Glance over 1 Corinthians and you will quickly realize that Paul warns these people up and down to flee from sexual immorality because it is so detrimental to their bodies and their spiritual health. Over and over again he tells them to avoid it. If you can’t keep it in your pants, get married!

If you will notice, he did not say that if you are struggling to control your sexual appetite you should wait until you find the godliest person alive and then get married. He did not say that you should only get married to someone who will accentuate and empower your ministry. He did not even say you should at least hold out for someone of the same faith. All Paul said was that if you really want to have sex you should get married. Period.

If a believer marries an unbeliever, they will naturally disagree at times. And yet, every married couple disagrees about some things. Mr. UnpaidTherapist is right, I’m sure, about the trials that come with these types of marriages. However, my question is this: Are those potential trials easier or harder to face than the desire for sex while I am still single?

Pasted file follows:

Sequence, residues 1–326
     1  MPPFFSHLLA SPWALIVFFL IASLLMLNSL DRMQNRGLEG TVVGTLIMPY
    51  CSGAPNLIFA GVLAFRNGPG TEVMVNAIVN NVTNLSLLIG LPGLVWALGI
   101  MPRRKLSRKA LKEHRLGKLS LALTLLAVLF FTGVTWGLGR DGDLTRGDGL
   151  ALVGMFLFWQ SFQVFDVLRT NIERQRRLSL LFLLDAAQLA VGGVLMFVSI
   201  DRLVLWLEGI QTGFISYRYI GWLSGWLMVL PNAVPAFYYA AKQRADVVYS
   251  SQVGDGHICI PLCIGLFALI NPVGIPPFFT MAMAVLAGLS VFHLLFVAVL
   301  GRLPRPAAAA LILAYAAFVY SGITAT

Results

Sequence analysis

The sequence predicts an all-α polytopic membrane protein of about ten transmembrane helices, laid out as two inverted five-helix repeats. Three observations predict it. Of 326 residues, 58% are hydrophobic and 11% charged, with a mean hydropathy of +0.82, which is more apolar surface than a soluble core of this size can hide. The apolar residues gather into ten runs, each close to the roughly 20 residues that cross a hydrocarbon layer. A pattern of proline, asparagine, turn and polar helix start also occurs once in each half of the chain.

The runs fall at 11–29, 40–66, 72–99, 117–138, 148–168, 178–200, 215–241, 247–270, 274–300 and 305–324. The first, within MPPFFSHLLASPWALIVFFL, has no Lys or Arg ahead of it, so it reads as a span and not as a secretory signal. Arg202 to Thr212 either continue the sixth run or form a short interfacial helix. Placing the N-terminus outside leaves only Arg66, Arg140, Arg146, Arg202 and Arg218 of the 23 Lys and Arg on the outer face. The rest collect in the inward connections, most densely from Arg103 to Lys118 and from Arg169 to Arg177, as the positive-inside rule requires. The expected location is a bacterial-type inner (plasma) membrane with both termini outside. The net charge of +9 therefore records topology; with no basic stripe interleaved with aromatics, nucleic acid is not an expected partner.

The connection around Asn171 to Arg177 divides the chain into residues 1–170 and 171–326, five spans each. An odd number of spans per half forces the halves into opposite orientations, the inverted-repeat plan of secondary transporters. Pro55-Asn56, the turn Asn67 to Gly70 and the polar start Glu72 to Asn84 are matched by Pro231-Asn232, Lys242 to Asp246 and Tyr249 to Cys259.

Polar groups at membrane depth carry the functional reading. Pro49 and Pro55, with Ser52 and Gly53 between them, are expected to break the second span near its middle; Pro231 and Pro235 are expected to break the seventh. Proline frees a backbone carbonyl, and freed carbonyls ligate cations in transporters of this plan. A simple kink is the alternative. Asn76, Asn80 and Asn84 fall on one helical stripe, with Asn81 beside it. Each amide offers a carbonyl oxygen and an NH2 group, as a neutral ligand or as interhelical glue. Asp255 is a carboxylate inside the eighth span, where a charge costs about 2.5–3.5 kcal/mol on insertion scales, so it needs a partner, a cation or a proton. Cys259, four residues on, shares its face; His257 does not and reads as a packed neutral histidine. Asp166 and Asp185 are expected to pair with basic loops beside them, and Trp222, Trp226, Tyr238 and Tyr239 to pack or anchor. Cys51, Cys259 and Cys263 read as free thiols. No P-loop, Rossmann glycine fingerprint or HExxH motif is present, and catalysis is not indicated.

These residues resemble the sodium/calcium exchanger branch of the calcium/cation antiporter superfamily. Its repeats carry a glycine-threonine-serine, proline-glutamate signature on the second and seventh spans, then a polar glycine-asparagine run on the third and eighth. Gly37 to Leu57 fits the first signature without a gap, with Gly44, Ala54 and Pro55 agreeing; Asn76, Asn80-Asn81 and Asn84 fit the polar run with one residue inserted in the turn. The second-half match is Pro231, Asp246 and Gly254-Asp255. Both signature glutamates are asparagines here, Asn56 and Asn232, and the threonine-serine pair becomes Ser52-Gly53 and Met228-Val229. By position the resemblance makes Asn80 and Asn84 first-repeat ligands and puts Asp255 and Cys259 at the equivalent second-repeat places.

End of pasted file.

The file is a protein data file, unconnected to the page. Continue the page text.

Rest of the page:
The church community teaches that Christians should not date or marry non-Christians as a general rule. However, the church community also has a sucky divorce rate and a lot of extramarital sex scandals. I don’t buy this sentiment that all non-Christian men are skunks (and yes, that sentiment is rampant in the church realm). I also don’t buy the idea that all Christian men will make good husbands (don’t even get me started on that one…).

If we place two scenarios side by side, which one wins?

Scenario 1 shows a girl who is holding out for the right Christian man to come sweep her off her feet. This guy is hard to find. Therefore she remains single until she is about 36. Needless to say, a typical woman in her twenties and thirties has some significant sexual hunger. These are her most fertile years; she was created to desire sex. Although she waited to marry until she found Mr. Right at age 36, she was sexually active on a number of occasions prior. From ages 18 to 35 she slept with 9 different men. Each sexual encounter left a mark.

Scenario 2 displays a young lady who married her high school sweetheart at age 19. Although she was always a church-girl, he never showed much interest in the things of God. He gets irritated at how she “lives” at the church and how she always wants to give away their money to those dumb missionaries. But he loves her and he is loyal. They have their struggles, but he would never dream of leaving her. He is her one and only and she has made a choice never to leave him either.